Part II of this report explores and quantifies the sensitivity of the pavement design models to the differences in traffic load inputs associated with the application of the different vehicle classification rule sets. Specifically, the analyses describe the size and practical significance of differences in predicted pavement life and pavement depth caused by use of load spectra computed using the LTPP classification rule set instead of the State-specific rule set used to collect the truck volume data. These differences are then used to refine the recommendations in the previous chapter regarding when the SPS TPF load spectra can be used in pavement analyses without negatively affecting the accuracy of those analysis results.

Objectives

The goal of the analyses presented in this portion of the report is to explore and quantify the sensitivity of the pavement design models to the differences in traffic inputs associated with the application of the different vehicle classification rule sets.(1,2) Specifically, the objective is to understand the impact on predicted pavement performance of potential errors in the traffic load inputs that result from combining vehicle classification data collected using a State-defined non-LTPP vehicle classification rule set with axle load spectra collected using the LTPP classification rule set.

The implication of differences between vehicle classification rule sets was evaluated from the perspective of practical impact on pavement design outcomes. Differences in pavement thickness (asphalt concrete (AC) or Portland cement concrete (PCC) surface layer) predictions of more than 0.5 inches were considered significant.

The findings from this study could be used to define areas of applicability of SPS TPF axle loading as surrogate or default axle loading data for General Pavement Studies (GPS) sites that do not have accurate axle loading information but have vehicle classification data collected using non-LTPP vehicle classification rule sets. Specifically, the following questions could be answered:

Organization of Part II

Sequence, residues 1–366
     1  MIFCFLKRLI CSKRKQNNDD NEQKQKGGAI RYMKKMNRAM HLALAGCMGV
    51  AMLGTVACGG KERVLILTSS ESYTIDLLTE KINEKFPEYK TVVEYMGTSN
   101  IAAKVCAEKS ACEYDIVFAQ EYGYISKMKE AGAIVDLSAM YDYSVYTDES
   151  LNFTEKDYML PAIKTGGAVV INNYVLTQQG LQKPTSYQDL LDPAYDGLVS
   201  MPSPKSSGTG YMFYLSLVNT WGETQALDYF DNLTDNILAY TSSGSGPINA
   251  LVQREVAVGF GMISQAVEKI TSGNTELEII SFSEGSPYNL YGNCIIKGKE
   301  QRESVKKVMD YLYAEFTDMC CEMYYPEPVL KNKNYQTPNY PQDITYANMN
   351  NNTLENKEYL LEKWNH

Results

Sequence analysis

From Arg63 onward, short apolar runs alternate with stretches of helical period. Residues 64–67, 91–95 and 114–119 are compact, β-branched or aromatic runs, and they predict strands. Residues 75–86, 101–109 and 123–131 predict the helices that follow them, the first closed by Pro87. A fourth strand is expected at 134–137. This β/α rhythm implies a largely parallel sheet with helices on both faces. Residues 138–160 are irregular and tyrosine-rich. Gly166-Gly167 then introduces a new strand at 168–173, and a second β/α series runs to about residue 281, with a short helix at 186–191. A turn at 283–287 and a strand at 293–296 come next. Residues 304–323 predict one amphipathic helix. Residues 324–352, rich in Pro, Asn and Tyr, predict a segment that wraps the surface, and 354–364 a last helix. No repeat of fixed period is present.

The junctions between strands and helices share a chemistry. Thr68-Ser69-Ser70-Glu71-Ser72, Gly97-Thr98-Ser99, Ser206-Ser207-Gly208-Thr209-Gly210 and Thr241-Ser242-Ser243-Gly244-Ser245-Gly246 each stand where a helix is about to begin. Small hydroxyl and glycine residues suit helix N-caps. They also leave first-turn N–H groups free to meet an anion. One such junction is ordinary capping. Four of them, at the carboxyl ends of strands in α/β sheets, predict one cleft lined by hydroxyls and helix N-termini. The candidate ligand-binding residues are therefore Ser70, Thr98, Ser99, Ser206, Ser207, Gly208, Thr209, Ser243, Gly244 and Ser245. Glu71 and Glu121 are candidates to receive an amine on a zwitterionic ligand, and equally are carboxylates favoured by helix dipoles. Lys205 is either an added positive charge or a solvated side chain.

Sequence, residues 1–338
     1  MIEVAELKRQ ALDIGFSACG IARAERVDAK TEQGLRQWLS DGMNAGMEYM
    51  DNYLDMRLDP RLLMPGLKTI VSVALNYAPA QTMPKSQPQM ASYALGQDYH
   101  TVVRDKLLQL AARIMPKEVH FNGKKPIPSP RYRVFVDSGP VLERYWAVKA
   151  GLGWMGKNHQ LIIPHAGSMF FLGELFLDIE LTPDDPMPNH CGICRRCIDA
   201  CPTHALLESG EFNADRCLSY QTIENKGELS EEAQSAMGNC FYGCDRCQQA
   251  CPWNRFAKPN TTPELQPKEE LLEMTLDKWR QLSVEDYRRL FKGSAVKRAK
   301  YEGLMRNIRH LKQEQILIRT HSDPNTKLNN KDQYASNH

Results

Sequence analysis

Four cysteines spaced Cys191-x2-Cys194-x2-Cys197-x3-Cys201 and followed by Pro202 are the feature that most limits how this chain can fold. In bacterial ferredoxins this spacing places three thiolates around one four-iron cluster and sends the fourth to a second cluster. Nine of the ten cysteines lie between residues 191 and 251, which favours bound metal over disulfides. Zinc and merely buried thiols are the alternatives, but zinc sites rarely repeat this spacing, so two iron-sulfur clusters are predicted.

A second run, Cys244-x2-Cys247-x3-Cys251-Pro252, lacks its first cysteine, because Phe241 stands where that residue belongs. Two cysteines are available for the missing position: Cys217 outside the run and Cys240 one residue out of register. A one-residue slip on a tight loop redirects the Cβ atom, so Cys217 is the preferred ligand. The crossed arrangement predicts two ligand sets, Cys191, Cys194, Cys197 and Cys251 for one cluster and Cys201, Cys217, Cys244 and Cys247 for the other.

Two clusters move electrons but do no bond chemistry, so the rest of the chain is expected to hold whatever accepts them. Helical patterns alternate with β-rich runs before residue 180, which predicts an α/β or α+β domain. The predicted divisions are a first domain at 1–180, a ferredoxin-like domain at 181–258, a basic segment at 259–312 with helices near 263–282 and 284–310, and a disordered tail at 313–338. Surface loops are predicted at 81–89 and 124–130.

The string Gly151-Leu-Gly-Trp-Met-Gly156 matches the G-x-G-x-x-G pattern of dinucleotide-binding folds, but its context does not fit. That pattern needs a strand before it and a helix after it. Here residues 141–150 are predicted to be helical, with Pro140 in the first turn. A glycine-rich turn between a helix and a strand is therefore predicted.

This portion of the final report contains three chapters. Chapter 5 examines the sensitivity of pavement design models to differences in traffic inputs developed using several vehicle classification rule sets identified at the end of chapter 4. These classification rule sets and specific LTPP sites were chosen because they produced the maximum difference in total loading between LTPP and other vehicle classification rule sets when applied at the same site.

Chapter 6 focuses specifically on the sensitivity of pavement design models to variations in predicted volumes of Classes 5 and 8 vehicles. The purpose of this analysis was to identify scenarios in which differences in Classes 5 and 8 vehicle counts, primarily owing to inclusion of additional lightweight vehicles, would matter for pavement design (i.e., produce significant difference in pavement design outcomes).

Finally, chapter 7 presents detailed conclusions based on the analyses findings provided at the end of chapters 5 and 6. Chapter 7 provides generalized conclusions with regard to the applicability and limitations of using loading data from the LTPP SPS TPF study for the sites that have vehicle classification and volume data collected using a non-LTPP classification rule set.


10 These percentage error estimates are computed as two times the standard deviation of the Class Ratio observed in tests performed for this project (see figure 15 through figure 17), assuming normal distribution of errors.

11 A much larger source of error is likely to be the error associated with selecting load spectra from different site(s) and applying them to a site that may have different loading characteristics. This is the subject of a different LTPP analysis task. These errors are caused when non-site-specific load spectra are used, causing the differences in the percent of loaded trucks (or the percent of illegally loaded axles) between the actual site and what is present in the non-site-specific load spectra. This is likely to create far larger errors in the traffic load estimate than would be caused by the use of mismatched vehicle classification rule sets.